The Lake Cunningham Action Sports Park in San Jose, California is the latest in a growing number of urban bike parks hitting the radar of bike park loving dirt jump enthusiasts. Spots like Calabazas and Red Devil put the area on the map for years, with the resulting scene cultivating a number of pro BMX and mountain bikers. Although San Jose has enjoyed long storied history as a BMX destination, it faded in recent times due to high profile lawsuit that shut down Calabazas.
Dirt jump spots come and go though, and of the two, only Calabazas remains. Some time after the lawsuit that closed it, it was poorly rebuilt by contractors as a public park and only with a shade of its former glory.
The opening of the expanded and rechristened Lake Cunningham Action Sports Park puts San Jose back on the map, with a diverse dirt bike park experience with features that include a slopestyle course, dual slalom/MTX cross, dirt jumps, drop zone, skills area and pump tracks.
The project has been on our radar for some time and during our recent trip through the Bay Area, we made a point to stop by and experience it just a week or two after its grand opening.
The downside? Because its pay to play model, the park was completely closed when we initially planned to visit San Jose and ride. If you’re traveling, we strongly recommend visiting the website to verify hours in advance. Completely closed on Monday and Tuesday (supposedly for maintenance) it doesn’t open until noon on weekdays.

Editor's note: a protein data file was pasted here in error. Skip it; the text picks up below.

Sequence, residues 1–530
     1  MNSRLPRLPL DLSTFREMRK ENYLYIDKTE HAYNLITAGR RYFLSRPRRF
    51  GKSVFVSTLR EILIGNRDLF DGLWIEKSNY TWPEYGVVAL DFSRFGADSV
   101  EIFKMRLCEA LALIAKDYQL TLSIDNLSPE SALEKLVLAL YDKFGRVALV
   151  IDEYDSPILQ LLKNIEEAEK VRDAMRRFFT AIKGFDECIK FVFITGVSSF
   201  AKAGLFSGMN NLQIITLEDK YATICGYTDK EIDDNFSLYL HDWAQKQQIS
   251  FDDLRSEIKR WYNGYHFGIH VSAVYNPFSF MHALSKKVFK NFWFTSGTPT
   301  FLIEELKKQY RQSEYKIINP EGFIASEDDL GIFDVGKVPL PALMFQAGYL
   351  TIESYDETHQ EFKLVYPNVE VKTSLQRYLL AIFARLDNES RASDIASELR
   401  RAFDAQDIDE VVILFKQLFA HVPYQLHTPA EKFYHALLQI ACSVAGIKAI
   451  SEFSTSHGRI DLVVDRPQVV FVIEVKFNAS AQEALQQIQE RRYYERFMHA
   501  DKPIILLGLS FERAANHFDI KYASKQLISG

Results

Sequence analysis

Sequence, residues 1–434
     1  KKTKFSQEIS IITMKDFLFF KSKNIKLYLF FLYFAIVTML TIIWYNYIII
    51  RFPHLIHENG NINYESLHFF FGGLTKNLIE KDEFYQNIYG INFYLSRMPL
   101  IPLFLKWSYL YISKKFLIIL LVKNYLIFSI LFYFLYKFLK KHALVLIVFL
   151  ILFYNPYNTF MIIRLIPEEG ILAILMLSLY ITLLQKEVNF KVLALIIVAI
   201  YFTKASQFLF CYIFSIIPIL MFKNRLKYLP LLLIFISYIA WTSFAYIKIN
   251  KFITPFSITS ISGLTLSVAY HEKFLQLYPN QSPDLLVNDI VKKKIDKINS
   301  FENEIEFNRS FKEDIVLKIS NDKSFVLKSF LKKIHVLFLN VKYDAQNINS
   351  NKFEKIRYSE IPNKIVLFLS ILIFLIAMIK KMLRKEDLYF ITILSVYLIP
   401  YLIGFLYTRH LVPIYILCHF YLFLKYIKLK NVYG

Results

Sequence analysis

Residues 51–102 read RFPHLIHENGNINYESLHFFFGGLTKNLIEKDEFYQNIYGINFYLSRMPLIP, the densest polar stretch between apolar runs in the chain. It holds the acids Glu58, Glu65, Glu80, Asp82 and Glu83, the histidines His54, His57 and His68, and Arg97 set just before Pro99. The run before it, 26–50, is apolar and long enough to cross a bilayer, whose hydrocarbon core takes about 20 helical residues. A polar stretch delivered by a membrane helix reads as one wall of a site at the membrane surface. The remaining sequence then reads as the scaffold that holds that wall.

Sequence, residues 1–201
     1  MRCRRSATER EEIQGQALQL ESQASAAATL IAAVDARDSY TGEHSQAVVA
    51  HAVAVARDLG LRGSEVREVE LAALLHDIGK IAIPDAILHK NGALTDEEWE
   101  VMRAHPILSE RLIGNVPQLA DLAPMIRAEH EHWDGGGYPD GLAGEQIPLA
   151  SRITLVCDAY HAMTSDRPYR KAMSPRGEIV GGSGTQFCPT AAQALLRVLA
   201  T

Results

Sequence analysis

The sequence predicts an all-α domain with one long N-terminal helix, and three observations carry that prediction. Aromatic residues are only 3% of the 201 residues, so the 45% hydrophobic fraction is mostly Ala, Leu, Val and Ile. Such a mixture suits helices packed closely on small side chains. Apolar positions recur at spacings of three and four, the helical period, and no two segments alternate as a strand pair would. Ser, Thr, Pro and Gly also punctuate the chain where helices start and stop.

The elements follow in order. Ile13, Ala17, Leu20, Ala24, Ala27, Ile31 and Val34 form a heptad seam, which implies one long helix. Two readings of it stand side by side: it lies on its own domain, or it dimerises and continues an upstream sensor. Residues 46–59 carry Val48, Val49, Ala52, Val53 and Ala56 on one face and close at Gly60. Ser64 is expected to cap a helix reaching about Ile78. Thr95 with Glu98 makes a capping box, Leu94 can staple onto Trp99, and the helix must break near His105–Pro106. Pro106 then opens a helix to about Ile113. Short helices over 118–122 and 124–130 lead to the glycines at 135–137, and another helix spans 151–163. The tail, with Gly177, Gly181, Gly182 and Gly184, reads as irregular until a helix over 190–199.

Frustration about open hours aside, the design of the park is ambitious, with 10 acres of city park land dedicated to action sports pursuits. Already the site of the largest skate park in California, this spring the new dirt BMX/MTB expansion to the park opened to the public.
Building off the existing concrete park, the large dirt pump track wraps around the fenced off skating area and is divided into two, with one section dedicated to beginners and the other more experienced riders.
The opening weekend apparently took its toll on the pump track. A number of blown out areas in the lines detracted from the flow, making it hard to maintain momentum. While still being able to hit quite a few lines including the wall ride it was a bit beat already.
Since it wasn’t running very well, after a few laps I moved on to the dirt jump lines across the way, which were significantly more enjoyable.
The dirt jump zone was fun with jumps at four different levels lined up to facilitate riders of various levels. All the jumps are easy to roll with the beginner and intermediate consisting mostly of table tops. The 3rd line in features a concrete face for the jumps and were mostly step up style landings.
I found the biggest line easist to hit as the transitions were longer on my 26″ dirt jump bike. However, keeping up the momentum to pump through the entire set took a good amount of effort — especially considering the temperatures, San Jose is hot mid-day — so I ended up transferring to the right a lot as I made my way down the course.
The jump line ends with a big curved wall ride and exits by a much appreciated water fountain.
The large starting mound for the dirt jumps also serves as the starting hill for the dual slalom course. I found it to be more of a hybrid mountain cross/ dual type of run with most of the jumps being wide table tops that served both sides. The bottom of the dual slalom ends with a climb/push back up the paved ADA friendly path.